Tuesday, December 3, 2013

Big Star* – Star Island: Where History and the Future Meet – Part 1

At Franklin Pierce University we offer an MBA in Energy and Sustainability Studies. In this program we provide students with all the business basics that are taught in traditional MBA programs such as marketing, finance, business leadership, etc. but we also provide them the opportunity to focus 25% of their studies specifically in the subject areas of energy and sustainability. In the energy focused courses, students are required to submit a final project on an energy related topic of their choice. These final reports from these projects are usually very good and I end up learning a great deal from the  reports myself.

This week I thought I would share with you a great project that was submitted by Chris Moore, one of the students in the Energy and Sustainability Program, who wrote about a New Hampshire focused project in the GM550: The Future of Energy, Business and Society course this past Spring. I found it fascinating and I am sure you will too. Enjoy. 


Star Island: Where History and the Future Meeting – Part 1.


Authored by Chris Moore for GM550: The Future of Energy, Business and Society at Franklin Pierce University

An Introduction and History:


All it takes is one short visit to New Hampshire's Star Island to fall in love with its timeless charm, rich history, abundant wildlife and welcoming family of staff and visitors. At 46 acres, Star is the second largest Island of the Isles of Shoals chain, which is a grouping of nine islands and rock outcroppings nearly ten miles southeast of the mouth of the famed Piscataqua River.







Due to their location off the coast of New Hampshire and Maine, the Shoals are divided in half by the states' lines. The main islands of the Shoals, Appledore Island, Smuttynose Island and Cedar Island are all located on the Maine side and Star Island is on the New Hampshire side. Star Island is located within the borders of the town of Rye, NH and is the only island routinely served by a commercial boat from the mainland.



Fishermen are believed to have stopped in the islands long before John Smith arrived in 1614; however Smith's visit is known to be the first written documentation of the Isles. Denis Robinson in his capsule history of the Isles of Shoals reports that the captain happened upon the Isles while on his expedition of mapping the eastern seacoast. So taken was Captain John Smith with the abundance of fish off what is now known as the Isles of Shoals, he named these "Remarkablest Isles" after himself, "Smythe's Isles". Robinson notes: "According to his original 1614 map and account, fewer than two dozen men were able to catch 60,000 fish in a month." In reference to "Smythe's Isles" and New England, Smith wrote, "...of all the foure parts of the world that I have yet seene not inhabited, could I have but means to transport a colonie, I would rather live here."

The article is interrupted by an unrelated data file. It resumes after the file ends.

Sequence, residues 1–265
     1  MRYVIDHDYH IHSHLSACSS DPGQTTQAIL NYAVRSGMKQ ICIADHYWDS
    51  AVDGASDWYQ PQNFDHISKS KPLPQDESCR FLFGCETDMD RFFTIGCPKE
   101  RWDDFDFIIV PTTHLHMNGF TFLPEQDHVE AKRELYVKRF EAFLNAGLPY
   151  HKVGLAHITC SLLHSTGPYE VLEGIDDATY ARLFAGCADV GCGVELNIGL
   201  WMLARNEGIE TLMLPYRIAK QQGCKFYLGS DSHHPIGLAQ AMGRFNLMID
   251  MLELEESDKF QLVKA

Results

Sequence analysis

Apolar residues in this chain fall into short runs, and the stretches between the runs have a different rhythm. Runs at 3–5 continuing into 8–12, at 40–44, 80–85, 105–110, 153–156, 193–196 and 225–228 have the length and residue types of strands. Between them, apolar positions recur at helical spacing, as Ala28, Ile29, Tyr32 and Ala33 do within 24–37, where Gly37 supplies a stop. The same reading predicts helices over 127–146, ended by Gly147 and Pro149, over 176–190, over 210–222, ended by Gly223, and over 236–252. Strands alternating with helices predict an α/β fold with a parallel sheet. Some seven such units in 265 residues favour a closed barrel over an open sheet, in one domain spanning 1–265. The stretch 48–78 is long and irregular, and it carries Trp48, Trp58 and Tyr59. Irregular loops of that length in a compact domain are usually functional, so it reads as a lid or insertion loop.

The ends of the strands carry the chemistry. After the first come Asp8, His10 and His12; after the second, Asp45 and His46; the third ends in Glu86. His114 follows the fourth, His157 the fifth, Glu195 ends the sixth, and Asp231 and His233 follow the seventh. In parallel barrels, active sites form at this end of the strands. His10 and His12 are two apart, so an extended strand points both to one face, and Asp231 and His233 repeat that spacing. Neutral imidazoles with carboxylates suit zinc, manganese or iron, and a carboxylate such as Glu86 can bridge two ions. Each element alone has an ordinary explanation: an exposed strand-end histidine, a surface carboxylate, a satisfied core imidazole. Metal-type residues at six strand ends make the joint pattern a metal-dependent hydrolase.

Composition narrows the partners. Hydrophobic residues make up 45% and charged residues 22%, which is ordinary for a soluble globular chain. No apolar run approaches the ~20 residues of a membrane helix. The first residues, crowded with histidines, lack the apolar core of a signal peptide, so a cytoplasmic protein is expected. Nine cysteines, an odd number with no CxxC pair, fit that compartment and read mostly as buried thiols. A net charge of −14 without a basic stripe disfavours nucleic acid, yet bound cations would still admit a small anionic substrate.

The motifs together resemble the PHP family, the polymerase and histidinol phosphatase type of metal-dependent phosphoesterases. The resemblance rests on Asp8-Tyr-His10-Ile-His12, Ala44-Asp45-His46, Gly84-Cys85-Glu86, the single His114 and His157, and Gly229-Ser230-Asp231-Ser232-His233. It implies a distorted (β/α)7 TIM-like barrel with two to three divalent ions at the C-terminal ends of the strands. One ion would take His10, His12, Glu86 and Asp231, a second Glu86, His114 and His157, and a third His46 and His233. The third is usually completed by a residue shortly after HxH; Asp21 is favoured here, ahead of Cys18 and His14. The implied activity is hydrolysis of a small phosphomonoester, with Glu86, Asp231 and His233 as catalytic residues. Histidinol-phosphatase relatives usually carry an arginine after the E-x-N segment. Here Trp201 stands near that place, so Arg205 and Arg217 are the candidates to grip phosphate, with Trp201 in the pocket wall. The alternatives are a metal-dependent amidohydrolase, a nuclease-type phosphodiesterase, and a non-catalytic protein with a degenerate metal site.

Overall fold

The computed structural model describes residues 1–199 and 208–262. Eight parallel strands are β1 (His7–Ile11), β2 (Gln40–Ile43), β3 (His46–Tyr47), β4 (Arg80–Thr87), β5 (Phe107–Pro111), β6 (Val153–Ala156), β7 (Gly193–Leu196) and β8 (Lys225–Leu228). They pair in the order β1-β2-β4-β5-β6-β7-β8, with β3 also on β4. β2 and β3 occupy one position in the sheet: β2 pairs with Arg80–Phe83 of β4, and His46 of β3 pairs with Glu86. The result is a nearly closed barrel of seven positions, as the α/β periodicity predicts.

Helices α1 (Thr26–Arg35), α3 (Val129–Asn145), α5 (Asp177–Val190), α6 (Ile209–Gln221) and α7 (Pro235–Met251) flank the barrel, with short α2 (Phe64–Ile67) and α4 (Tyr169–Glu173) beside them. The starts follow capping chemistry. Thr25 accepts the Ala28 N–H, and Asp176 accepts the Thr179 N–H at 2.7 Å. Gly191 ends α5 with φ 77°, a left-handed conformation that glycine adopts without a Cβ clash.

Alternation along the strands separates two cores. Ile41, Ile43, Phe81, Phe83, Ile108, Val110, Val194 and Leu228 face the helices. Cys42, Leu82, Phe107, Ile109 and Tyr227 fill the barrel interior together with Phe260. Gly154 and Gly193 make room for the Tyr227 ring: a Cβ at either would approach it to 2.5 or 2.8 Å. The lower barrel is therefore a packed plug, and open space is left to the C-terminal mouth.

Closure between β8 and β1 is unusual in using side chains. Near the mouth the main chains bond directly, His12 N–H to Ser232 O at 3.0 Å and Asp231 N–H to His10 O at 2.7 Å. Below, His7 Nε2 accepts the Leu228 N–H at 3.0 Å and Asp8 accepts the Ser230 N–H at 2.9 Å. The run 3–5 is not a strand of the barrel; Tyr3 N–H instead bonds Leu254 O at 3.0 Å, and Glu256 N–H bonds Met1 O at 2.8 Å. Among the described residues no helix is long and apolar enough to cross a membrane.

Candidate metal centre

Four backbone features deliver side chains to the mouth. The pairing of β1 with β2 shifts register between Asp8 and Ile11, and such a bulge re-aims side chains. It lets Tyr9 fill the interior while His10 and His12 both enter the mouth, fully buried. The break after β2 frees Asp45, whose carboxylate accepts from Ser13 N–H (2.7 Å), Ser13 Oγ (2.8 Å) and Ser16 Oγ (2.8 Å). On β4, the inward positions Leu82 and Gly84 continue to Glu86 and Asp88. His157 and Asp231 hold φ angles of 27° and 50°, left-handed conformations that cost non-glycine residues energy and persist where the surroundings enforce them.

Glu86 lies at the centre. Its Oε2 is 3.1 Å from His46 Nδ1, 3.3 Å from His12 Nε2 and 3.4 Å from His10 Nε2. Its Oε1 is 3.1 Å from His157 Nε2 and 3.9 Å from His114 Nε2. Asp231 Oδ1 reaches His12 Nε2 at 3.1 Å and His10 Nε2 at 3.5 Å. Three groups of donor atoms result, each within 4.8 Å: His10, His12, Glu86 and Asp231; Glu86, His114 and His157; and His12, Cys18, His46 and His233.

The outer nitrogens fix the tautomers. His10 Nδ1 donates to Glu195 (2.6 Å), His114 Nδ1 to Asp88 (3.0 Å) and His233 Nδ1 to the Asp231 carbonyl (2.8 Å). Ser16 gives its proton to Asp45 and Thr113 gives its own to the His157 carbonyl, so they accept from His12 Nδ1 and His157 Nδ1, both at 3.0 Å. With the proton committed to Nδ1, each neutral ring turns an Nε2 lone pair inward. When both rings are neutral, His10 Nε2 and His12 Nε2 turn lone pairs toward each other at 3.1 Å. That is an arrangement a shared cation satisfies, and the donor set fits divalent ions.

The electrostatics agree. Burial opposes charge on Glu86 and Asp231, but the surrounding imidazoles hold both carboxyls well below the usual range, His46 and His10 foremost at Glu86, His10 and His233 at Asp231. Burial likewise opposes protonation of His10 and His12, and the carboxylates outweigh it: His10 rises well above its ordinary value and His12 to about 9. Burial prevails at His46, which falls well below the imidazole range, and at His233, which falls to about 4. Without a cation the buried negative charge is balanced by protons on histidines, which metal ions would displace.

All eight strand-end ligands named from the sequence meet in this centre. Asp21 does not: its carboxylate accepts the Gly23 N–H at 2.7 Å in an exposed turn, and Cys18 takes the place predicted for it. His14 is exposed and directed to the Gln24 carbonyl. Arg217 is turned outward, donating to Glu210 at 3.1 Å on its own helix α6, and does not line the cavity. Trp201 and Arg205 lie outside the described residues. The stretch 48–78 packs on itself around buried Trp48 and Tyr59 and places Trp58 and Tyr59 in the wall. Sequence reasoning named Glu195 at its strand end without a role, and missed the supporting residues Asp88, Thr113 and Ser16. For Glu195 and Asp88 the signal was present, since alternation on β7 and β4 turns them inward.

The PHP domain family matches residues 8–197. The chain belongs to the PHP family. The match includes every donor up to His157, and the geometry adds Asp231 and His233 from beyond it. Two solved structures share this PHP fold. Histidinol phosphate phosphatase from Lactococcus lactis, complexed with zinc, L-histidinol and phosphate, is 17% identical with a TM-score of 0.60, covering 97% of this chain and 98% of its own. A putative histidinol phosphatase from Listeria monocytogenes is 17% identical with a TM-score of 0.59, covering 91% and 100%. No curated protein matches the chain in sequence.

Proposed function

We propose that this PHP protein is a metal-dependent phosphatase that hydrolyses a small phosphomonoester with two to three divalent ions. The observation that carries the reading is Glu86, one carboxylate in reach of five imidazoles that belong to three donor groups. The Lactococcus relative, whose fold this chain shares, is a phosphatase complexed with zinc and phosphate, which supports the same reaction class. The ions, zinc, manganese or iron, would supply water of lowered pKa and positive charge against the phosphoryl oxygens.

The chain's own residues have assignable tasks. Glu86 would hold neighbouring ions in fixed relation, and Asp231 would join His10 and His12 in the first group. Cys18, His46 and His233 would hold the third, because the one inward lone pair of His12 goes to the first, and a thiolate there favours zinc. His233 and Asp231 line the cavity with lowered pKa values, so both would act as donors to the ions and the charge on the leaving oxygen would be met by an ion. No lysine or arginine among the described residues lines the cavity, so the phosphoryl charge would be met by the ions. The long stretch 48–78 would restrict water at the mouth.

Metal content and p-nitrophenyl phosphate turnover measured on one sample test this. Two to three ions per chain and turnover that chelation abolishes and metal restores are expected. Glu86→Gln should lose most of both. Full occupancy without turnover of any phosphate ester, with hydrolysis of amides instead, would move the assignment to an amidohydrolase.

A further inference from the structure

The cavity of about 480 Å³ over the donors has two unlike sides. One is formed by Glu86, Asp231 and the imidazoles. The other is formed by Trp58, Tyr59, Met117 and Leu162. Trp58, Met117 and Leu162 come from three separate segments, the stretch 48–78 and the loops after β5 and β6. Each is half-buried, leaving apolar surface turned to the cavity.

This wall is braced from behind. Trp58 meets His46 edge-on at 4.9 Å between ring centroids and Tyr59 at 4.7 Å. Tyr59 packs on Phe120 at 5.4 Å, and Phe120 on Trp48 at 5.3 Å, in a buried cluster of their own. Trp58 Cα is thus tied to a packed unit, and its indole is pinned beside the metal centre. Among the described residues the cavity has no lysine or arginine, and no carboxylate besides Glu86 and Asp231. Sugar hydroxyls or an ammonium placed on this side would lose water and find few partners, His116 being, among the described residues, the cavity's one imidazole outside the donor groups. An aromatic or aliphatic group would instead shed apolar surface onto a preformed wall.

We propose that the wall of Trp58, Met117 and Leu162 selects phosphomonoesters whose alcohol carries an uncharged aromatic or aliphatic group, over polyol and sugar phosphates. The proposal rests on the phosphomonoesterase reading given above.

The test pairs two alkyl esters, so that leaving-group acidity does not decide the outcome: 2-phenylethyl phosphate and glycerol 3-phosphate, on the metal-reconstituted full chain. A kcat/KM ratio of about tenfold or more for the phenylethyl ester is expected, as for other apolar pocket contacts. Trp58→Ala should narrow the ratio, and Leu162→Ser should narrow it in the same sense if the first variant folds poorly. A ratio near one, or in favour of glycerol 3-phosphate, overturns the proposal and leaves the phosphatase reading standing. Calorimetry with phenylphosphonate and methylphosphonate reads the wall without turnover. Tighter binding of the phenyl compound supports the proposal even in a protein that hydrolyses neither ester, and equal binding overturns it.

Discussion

The Isles of Shoals became the busiest commercial port on this side of the ocean. It dominated the fish market, setting the commodity price for a century and a half. The collective success of the fishing industry on Smythe's Isles likely led to the eventual name change to the "Isles of Shoals", derived from the term for the "shoaling" or schooling of fish. Settlers began arriving on Star Island from New Hampshire during the late 1600's. The island had a boom in settlers until the Revolutionary War when residents left for the mainland out of fear British soldiers would take them captive. The islands, including Star Island, cycled through several periods of settlement booms followed by eras of abandonment. 

In 1873 the Oceanic, a grand hotel, was built on Star Island to cater to a growing tourism market and attracted such notable artists and writers as Childe Hassam and Nathaniel Hawthorne. In 1916 a Unitarian-Universalism nonprofit organization called Star Island Corporation (SIC), bought the island and all of its buildings and to this very day has been providing affordable individual and family retreats. While Star Island is founded on the liberal spiritual ideals of Unitarian-Universalism and the United Church of Christ, people representing a wide variety of beliefs attend conferences regularly and day-visitors journey out to enjoy the island all summer long. (Stevens, 2010)

During the summer, the island hosts a number of week-long and shorter conferences which can accommodate up to 200 guests who make use of the historic Oceanic Hotel, the 150-year-old stone chapel, and several other buildings dating back to the original village. Day visitors are also warmly welcomed to the island to discover the historic structures and explore the unique island ecology by way of a 2-mile perimeter walking path. The only transportation available to the public out to Star is provided by two commercial boat companies, Isles of Shoals Steamship Company ("M/V Thomas Laighton") and Island Cruises ("Uncle Oscar"). (Star Island Corporation, 2013). 

                                                                                                                    http://www.flickr.com/photos/nelights/4756043723/

Transformation towards Energy Sustainability:

Equally as grand as the character, history and beauty of Star Island, so too are the momentous challenges that the Island's management faces in keeping all of the various systems and buildings in working order. Jack Farrell, Star Island's manager and strategic planner explains, "we are disconnected from everything out there. We produce our own energy, make our own water, import all of our food and manage all of our waste. Out there on Star we are like the world in miniature".